something big


1h 47m 1971

Brief Synopsis

Joe Baker has a dream. He wants to do 'something big.' When he needs a Gatling gun to accomplish this, he seeks out a black marketeer. The price he wants for the gun? A woman! So Baker kidnaps a woman off of the stagecoach, only to find that she is the wife of the commandant of the local Cavalry detachment. Things get further complicated when a girl named Dover McBride shows up. She has come to force Baker to marry her and return east, as he promised to do four years earlier.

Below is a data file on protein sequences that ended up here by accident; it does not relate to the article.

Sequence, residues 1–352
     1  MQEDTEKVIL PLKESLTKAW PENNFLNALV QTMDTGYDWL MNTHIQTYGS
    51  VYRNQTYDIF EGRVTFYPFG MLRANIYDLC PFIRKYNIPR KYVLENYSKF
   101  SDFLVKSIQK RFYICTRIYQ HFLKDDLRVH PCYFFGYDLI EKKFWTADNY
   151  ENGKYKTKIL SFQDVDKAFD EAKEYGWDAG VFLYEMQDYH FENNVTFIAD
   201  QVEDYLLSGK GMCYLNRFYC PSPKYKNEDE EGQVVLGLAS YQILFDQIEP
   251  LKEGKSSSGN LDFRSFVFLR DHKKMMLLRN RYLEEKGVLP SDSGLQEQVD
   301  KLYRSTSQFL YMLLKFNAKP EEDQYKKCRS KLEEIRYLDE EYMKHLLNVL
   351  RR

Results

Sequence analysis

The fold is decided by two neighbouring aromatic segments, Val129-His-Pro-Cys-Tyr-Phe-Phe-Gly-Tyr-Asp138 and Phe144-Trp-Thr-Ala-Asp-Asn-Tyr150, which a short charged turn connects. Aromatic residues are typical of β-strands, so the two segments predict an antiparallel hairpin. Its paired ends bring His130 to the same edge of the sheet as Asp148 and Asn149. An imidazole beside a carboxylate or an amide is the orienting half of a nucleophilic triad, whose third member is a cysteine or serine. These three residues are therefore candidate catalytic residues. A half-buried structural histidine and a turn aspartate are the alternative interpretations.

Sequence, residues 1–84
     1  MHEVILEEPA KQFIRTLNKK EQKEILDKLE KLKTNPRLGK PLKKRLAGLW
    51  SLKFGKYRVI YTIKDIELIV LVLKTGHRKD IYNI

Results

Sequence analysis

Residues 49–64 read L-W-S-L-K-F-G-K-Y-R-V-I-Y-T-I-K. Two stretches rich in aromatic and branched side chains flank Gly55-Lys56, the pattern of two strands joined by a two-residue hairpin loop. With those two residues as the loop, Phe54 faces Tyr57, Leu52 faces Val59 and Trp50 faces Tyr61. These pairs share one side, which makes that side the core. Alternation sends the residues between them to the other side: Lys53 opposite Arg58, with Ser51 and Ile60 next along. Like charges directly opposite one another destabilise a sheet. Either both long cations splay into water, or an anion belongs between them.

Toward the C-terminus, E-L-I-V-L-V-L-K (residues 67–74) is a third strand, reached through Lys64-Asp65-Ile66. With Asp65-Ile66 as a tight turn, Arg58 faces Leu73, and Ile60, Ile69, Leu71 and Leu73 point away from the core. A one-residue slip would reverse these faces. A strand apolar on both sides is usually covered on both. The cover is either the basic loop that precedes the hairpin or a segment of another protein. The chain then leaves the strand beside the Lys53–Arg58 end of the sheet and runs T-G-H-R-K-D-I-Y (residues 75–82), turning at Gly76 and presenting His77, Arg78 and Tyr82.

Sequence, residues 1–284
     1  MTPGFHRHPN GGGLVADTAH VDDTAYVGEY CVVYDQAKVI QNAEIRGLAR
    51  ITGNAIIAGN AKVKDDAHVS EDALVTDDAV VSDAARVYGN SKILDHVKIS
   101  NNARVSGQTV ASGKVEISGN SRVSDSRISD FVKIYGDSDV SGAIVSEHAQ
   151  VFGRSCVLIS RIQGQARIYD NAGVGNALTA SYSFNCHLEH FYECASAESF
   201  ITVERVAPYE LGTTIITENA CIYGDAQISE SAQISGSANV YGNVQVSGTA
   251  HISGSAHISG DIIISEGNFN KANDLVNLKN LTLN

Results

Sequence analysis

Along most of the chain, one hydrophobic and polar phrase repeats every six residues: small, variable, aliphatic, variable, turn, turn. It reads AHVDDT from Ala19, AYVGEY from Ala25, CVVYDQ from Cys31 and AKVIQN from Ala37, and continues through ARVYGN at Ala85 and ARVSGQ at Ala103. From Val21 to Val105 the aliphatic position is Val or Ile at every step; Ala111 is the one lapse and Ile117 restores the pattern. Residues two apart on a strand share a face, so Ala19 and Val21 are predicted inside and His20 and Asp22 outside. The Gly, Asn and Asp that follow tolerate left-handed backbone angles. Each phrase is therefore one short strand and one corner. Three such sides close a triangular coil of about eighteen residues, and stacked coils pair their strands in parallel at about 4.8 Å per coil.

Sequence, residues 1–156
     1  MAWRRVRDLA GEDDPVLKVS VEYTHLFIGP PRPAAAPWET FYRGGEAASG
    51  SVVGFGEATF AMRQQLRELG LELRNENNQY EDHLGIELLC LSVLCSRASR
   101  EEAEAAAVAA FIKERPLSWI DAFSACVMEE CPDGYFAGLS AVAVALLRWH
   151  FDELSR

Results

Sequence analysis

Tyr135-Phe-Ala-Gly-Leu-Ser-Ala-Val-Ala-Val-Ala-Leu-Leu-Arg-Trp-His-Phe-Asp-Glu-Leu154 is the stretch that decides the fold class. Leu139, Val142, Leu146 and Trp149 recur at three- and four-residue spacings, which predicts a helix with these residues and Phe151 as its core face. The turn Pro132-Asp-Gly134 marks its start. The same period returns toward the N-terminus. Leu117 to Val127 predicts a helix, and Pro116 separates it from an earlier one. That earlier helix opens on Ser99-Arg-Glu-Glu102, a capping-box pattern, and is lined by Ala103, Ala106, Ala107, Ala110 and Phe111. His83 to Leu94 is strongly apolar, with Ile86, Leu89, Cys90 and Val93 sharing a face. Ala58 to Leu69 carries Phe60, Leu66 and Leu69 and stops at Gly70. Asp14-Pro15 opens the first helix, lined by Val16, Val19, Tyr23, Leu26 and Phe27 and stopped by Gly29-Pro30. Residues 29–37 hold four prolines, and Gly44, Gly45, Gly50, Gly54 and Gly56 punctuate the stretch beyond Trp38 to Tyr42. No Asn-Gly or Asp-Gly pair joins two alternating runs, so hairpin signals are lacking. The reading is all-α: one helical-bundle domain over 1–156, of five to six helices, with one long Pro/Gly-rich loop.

Film Details

MPAA Rating
Release Date
Nov 1971
Premiere Information
Las Vegas, NV opening: 11 Nov 1971
Production Company
Cinema Center Films; Penbar Productions, Inc.; Stanmore Productions, Inc.
Distribution Company
National General Pictures Corporation
Country
Mexico and United States
Location
Durango, Mexico

Technical Specs

Duration
1h 47m
Sound
Mono
Color
Color (Technicolor)

Synopsis